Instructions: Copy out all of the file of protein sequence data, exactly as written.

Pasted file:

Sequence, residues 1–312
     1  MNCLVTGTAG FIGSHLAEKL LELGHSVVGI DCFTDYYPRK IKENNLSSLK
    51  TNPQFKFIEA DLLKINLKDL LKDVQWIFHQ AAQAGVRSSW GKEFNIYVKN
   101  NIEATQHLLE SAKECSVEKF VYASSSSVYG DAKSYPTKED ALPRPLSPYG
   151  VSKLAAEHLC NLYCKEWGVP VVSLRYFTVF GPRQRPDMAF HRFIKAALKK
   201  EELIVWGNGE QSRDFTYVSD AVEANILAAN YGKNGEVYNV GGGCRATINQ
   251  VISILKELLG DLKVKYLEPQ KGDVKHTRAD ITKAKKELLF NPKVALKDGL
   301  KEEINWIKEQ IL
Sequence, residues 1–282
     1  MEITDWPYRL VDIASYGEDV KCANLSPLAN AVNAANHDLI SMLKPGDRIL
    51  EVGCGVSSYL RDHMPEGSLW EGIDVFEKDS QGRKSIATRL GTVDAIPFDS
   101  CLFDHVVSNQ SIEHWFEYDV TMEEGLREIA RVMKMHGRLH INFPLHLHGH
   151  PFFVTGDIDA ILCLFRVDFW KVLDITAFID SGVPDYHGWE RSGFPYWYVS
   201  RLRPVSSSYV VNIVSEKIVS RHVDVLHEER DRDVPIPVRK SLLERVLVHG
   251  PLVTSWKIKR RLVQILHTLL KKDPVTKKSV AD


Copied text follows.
Sequence, residues 1–312
     1  MNCLVTGTAG FIGSHLAEKL LELGHSVVGI DCFTDYYPRK IKENNLSSLK
    51  TNPQFKFIEA DLLKINLKDL LKDVQWIFHQ AAQAGVRSSW GKEFNIYVKN
   101  NIEATQHLLE SAKECSVEKF VYASSSSVYG DAKSYPTKED ALPRPLSPYG
   151  VSKLAAEHLC NLYCKEWGVP VVSLRYFTVF GPRQRPDMAF HRFIKAALKK
   201  EELIVWGNGE QSRDFTYVSD AVEANILAAN YGKNGEVYNV GGGCRATINQ
   251  VISILKELLG DLKVKYLEPQ KGDVKHTRAD ITKAKKELLF NPKVALKDGL
   301  KEEINWIKEQ IL
Sequence, residues 1–282
     1  MEITDWPYRL VDIASYGEDV KCANLSPLAN AVNAANHDLI SMLKPGDRIL
    51  EVGCGVSSYL RDHMPEGSLW EGIDVFEKDS QGRKSIATRL GTVDAIPFDS
   101  CLFDHVVSNQ SIEHWFEYDV TMEEGLREIA RVMKMHGRLH INFPLHLHGH
   151  PFFVTGDIDA ILCLFRVDFW KVLDITAFID SGVPDYHGWE RSGFPYWYVS
   201  RLRPVSSSYV VNIVSEKIVS RHVDVLHEER DRDVPIPVRK SLLERVLVHG
   251  PLVTSWKIKR RLVQILHTLL KKDPVTKKSV AD